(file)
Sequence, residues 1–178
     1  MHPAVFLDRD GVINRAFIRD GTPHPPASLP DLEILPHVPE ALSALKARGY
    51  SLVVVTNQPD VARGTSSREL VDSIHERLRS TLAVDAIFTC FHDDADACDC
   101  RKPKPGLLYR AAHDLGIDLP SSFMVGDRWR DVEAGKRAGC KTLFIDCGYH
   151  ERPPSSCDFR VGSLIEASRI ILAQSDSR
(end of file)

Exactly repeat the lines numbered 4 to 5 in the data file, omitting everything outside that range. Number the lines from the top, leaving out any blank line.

   101  RKPKPGLLYR AAHDLGIDLP SSFMVGDRWR DVEAGKRAGC KTLFIDCGYH
   151  ERPPSSCDFR VGSLIEASRI ILAQSDSR